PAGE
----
While studying at the Teachers’ Training College, he came to understand the principles of visual art under the instruction of Saya U Thet Win. In 1958, U Lun Gywe reached a turning point in his life. He got an opportunity to work as an arts instructor at the Yangon Arts and Sculpture School under the Ministry of Culture. He received advice and encouragement from Saya U Thet Win and filled the post in spite of keen competition. This transfer had a profound impact on him because he now had the opportunity to pursue further studies in fine art under Sayagyi U Ngwe Gaing and Sayagyi U Ohn Lwin. The most valuable opportunity was to meet Sayagyi U Thein Han (1910-1986), who was the acting director of the Yangon School of Fine Arts from 1958 to 1979. Sayagyi U Thein Han, once a student of Sayagyi U Ba Nyan, was an expert at colour. He had mastered painting techniques using oil, watercolours, poster colours and crayon.
In addition to his duties at the State School of Fine Arts, Sayagyi U Thein Han put up many students at his home, providing them with meals and training. Among these students was U Lun Gywe. Although U Lun Gywe had experienced severail other teachers such as U Chit Mating, U Thet Win, U Ngwe Gaing, and U San Win, U Thein Han was closest to him and provided his longest relationship. From Sayagyi U Thein Han, U Lun Gywe learned that art is not only about vision, but also about consciousness, emotion, technique, skill and aesthetics.
U Lun Gywe was fortunate to receive an opportunity to go to China in 1964-65 and stayed for one year under a cultural exchange programme. He studied traditional Chinese brush painting as well as oil painting at the Beijing Central Fine Arts Academy. He also got a chance to study in East Germany in 1971 and carried out studies at art museums in Berlin, Dresden and Potsdam. He learnt restoration techniques and at the same time had the chance to admire works by European masters.
In the field of commercial art, U Lun Gywe has created many posters, mural paintings in temples and pagodas, and illustrations for magazines and periodicals. These were produced when he served as an instructor at the State School of Fine Arts. During his time as an art instructor he participated in the Sarpaybeikhman Jubilee Hall arts exhibition and later various other exhibitions, even though teaching responsibilities took up most of his time.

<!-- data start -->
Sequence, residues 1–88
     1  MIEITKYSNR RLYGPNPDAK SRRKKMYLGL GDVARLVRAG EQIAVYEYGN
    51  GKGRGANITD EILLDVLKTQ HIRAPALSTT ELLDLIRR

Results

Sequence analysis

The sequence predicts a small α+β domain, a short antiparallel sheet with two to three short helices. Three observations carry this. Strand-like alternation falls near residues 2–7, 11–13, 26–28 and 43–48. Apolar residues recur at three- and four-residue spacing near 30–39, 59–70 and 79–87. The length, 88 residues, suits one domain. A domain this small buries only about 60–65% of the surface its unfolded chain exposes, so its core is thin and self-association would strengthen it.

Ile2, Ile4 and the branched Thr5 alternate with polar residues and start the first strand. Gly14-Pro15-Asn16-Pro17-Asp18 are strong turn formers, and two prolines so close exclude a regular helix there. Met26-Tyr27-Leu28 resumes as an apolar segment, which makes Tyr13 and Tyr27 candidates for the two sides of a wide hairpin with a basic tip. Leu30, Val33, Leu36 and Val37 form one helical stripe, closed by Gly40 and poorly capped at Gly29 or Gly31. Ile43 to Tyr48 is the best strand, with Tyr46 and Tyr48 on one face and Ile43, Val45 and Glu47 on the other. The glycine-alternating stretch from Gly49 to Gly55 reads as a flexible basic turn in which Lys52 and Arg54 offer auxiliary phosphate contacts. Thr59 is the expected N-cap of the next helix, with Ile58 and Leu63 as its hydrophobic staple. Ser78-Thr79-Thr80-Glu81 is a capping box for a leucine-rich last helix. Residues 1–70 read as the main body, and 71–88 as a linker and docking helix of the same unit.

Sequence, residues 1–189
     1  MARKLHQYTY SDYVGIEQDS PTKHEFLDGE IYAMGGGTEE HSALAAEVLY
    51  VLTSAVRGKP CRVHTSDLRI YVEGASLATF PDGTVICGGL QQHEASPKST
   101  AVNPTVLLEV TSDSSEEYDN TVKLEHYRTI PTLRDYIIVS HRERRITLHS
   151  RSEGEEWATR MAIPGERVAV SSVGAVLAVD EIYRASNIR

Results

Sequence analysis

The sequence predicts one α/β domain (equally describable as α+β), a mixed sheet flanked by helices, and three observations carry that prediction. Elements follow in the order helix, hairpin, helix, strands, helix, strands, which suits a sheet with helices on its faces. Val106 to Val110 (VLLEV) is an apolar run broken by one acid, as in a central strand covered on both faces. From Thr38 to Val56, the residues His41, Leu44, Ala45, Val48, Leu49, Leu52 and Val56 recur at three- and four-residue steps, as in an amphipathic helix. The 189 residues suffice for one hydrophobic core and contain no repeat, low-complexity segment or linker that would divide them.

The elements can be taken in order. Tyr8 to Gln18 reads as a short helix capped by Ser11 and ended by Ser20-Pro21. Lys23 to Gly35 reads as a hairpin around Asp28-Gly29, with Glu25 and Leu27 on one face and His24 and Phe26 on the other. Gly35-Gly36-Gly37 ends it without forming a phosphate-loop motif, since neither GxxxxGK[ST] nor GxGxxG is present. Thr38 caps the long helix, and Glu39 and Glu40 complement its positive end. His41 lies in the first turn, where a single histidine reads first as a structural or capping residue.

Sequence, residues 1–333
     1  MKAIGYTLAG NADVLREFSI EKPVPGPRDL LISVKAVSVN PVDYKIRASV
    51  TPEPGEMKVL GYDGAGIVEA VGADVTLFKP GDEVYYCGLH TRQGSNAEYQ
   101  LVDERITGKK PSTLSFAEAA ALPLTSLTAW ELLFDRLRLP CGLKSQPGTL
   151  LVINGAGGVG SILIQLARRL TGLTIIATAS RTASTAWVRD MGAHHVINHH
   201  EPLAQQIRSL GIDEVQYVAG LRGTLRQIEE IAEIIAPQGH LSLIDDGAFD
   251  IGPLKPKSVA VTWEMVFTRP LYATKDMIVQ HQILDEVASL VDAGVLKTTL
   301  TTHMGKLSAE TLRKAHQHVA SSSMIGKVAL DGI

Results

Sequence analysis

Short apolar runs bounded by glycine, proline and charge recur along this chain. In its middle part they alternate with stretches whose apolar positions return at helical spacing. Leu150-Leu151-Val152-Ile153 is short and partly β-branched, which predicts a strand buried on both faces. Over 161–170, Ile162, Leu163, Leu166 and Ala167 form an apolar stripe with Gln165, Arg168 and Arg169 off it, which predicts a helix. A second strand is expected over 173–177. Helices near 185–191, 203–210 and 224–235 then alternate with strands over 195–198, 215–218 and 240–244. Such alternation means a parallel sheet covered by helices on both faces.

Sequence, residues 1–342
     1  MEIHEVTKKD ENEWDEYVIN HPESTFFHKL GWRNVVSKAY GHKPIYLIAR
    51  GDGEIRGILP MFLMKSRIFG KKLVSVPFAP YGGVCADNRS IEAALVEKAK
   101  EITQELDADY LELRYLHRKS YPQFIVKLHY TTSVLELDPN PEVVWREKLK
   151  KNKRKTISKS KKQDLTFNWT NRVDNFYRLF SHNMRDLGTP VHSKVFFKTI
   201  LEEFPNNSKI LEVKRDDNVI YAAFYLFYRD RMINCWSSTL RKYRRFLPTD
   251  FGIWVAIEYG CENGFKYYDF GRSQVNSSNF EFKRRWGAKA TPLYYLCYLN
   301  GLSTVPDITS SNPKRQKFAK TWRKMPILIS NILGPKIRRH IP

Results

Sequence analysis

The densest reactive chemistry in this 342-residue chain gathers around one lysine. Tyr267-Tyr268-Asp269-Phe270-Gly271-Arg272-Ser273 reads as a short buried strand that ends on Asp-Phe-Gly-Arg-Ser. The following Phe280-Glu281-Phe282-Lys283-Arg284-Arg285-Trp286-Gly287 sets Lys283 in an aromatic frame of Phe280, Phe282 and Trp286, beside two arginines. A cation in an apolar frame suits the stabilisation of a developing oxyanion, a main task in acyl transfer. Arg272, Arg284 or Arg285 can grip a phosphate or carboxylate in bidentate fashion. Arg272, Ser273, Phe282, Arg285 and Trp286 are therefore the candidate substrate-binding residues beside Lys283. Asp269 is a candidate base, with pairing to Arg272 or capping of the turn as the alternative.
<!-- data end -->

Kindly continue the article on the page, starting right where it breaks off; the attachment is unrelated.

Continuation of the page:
U Lun Gywe served as an art instructor and civil servant for twenty-three years until his retirement from the State School of Fine Arts in 1979. After retirement, he has had more time to engage in exploring and creating his own original and individual style of art and in being a full-time artist. At his first show at Sarpaybeikhman, most of his works were realistic in a classical style. But in 1987 I noticed that U Lun Gywe’s works had developed and moved towards his own vision of Impressionism. And in 1998 his style tended towards a form of dynamic Impressionism. The rapid brush strokes, choice of colours, and thoughts and ideas changed, developed and matured in accordance with his experience in life and art. In terms of quantity as well as quality, I was flabbergasted to find his works prolific and flawless. In 1999, U Lun Gywe established the Artist Life Art Gallery, where he paints in tranquil surroundings with his family around him.
The development of visual art in Myanmar has included many artists, from the beginning led by Saya Chon, Saya U Ba Nyan, Saya U Ba Zaw and Saya Saung. The second period included Saya U Ngwe Gaing, U San Win, Saya U Thein Han and Saya U Ba Kyi. Up to the present, there have been just a few serious, full-time artists in Myanmar. U Lun Gywe is one of them and belongs to the third generation of artists. He is now 75 years old, but is still active and creating new and beautiful paintings.